Helou: Health and wellness is probably one of the most exciting industries for me because I think as more people move towards remote work, you’re going to notice that there’s going to need to be incentivisation applied on how you can keep them active. I’m personally massively into health and wellness and how that can connect. So we’re not looking at replacing the physical world — if anything, we want to make it better. When you go to a yoga class or when any individual goes to a yoga class, we want that experience to also transcend with them back into the metaverse of what they’re doing. Me, my identity — if it’s linked to my avatar, if I go and complete a bike ride right now, I could level up my avatar and I can unlock certain features into, let’s say, a gym membership that I had applied for. If I go to travel, if I go on a tour and I do over 30,000 steps, I don’t know where I went to do that, but I could also unlock some features that could give me VIP access, that could give me discounts, that could allow me to interact with other people and other communities.

So in fact, what we’re looking at doing is the exact opposite of replacing the physical world. If anything, we want to integrate AR technology into it. We want to make sure that you’re able to benefit in both worlds, because to us there shouldn’t be a disconnect. Right now, when you look at a book, the engagement is there because you’re reading the words and you’re taking in a story. But if this book can be brought to life through an experience that you can walk through in a city that’s built around each chapter, can you imagine the integration of the level of engagement that people can actually bring to life? I mean, it’s mind blowing. And to be honest, for me, this is where the excitement lies. It’s not taking people and putting them behind their screen. It’s telling them, ‘Go out into the real world, but at the same time have the ability to engage with the real world in the digital world.’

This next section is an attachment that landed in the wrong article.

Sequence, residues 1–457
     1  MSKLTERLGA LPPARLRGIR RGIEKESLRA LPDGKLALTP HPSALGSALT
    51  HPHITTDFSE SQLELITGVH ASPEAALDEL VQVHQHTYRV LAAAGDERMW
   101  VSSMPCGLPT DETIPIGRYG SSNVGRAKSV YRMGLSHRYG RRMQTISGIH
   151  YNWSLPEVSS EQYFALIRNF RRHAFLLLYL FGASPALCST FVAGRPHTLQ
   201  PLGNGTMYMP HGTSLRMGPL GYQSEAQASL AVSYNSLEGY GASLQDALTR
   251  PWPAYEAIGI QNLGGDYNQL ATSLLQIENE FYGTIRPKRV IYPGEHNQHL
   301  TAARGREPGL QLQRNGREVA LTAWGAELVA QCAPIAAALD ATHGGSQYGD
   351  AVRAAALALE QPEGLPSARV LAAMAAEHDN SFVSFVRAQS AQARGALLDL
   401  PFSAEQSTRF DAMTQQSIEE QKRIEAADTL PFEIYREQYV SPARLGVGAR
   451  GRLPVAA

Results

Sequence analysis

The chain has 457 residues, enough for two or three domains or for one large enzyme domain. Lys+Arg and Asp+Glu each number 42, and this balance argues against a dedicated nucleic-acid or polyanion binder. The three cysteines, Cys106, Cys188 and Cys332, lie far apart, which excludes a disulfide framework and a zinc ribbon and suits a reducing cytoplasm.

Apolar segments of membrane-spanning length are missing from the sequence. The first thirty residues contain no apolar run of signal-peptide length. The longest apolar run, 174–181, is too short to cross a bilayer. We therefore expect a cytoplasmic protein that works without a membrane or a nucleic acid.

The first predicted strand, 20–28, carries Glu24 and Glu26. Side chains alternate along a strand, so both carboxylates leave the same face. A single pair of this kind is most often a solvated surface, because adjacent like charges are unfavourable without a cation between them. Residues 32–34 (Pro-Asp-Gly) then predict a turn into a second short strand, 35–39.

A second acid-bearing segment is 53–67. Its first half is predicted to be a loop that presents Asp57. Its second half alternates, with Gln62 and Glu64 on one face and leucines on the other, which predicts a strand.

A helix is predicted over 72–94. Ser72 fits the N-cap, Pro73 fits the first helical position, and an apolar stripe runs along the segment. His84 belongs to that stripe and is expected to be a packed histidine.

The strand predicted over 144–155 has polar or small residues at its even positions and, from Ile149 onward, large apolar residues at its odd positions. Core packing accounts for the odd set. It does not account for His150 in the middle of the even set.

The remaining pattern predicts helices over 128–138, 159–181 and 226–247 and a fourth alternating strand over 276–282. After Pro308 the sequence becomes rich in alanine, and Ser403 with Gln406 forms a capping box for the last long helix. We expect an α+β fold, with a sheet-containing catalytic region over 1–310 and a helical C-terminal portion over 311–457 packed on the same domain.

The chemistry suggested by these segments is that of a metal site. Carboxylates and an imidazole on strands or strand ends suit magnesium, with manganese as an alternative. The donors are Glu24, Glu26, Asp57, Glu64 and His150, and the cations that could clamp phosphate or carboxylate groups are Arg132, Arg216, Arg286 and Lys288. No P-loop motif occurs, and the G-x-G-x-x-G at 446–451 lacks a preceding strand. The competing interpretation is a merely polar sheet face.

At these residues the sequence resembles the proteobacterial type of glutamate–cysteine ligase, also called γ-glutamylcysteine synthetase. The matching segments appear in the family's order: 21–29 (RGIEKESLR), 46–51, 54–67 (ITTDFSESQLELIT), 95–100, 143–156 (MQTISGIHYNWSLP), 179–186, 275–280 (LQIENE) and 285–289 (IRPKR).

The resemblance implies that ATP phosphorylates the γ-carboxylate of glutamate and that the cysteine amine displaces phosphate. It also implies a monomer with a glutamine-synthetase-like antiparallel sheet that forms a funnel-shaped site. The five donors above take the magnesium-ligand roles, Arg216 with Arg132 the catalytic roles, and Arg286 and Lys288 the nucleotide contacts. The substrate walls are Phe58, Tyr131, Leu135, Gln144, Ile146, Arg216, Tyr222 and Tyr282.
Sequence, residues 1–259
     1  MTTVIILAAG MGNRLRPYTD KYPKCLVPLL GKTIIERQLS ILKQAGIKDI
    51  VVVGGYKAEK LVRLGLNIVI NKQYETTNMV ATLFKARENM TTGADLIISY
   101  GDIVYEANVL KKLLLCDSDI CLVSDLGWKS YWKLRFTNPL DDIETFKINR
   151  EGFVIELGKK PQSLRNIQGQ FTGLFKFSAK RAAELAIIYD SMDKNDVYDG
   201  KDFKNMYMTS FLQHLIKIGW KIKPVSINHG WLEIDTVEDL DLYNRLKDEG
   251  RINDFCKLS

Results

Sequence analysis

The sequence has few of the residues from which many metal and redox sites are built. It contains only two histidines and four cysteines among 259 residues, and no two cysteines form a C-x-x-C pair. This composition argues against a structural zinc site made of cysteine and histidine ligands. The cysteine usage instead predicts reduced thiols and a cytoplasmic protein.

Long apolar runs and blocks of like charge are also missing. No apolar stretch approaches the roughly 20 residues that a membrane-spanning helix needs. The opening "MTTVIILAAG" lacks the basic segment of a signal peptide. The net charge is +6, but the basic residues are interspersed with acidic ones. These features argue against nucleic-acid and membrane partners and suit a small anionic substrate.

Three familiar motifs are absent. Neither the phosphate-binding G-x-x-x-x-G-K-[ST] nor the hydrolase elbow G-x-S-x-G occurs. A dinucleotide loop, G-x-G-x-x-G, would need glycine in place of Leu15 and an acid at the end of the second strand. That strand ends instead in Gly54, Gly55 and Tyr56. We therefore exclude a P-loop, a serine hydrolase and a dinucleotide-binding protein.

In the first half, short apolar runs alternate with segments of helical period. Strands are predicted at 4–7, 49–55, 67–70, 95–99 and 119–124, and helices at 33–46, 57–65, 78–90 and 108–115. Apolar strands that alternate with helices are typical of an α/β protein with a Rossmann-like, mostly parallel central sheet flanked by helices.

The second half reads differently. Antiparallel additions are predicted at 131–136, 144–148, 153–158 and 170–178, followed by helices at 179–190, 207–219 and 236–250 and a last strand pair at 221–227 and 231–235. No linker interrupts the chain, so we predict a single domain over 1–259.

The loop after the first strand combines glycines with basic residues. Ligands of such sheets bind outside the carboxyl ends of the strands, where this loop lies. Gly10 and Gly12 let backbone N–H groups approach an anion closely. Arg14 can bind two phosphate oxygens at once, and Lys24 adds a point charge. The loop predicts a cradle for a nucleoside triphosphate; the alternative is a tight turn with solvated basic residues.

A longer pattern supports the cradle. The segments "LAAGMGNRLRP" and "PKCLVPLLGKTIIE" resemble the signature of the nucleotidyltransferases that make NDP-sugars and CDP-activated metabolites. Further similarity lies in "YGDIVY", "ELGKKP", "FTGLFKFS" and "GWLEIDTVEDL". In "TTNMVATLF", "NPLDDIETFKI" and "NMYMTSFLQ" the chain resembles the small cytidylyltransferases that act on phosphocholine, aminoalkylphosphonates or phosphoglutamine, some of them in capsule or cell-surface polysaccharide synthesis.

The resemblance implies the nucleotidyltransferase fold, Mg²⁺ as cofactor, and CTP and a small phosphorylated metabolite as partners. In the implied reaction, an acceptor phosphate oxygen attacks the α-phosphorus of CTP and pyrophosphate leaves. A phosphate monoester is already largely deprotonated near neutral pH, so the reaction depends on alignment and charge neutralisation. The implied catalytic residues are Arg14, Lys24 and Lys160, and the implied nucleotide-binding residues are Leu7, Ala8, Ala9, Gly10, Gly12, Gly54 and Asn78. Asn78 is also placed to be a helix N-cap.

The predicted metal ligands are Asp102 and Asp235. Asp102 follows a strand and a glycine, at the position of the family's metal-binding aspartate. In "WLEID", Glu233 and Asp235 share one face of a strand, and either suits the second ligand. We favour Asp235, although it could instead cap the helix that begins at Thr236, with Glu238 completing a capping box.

Lau: It — almost in an odd way — enhances by gamifying to a degree in the metaverse what you should be doing in real life. As you were explaining the health and wellness, I imagine every insurance executive in the world’s ears are probably perking up. Talk about how to directly reward your customer and bring down their premiums because they don’t smoke, they’re healthy, they exercise, and it’s all verified. The future is what you’re building right now. So what can we expect to see that’ll be meaningful for us in a couple of years time?

Helou: I think if you look at the technology that’s coming out, the speed of innovation that’s happening across a lot of projects is crazy. You go to bed and then you wake up the next day and there’s already a million projects that are saying, ‘Oh, we’re innovating this and we’re doing that.’ There’s no minute of rest in the space. And that’s beautiful.

I think for me, the main excitement comes from when mass adoption starts to slowly occur across various industries, and people realize that this technology is going to improve their life because, just going back to the example that you gave a lot of people here, that there’s going to be cardiac arrest happening for people just purely sitting down on their computers. But again, it’s the exact opposite, because the more you engage with the physical, you have the ability to unlock the digital. And that’s if strategy is done right for any industry that’s looking to enter the metaverse. So technology is growing massively and the abilities that we can bring to market are beyond anything that anyone could imagine across many verticals.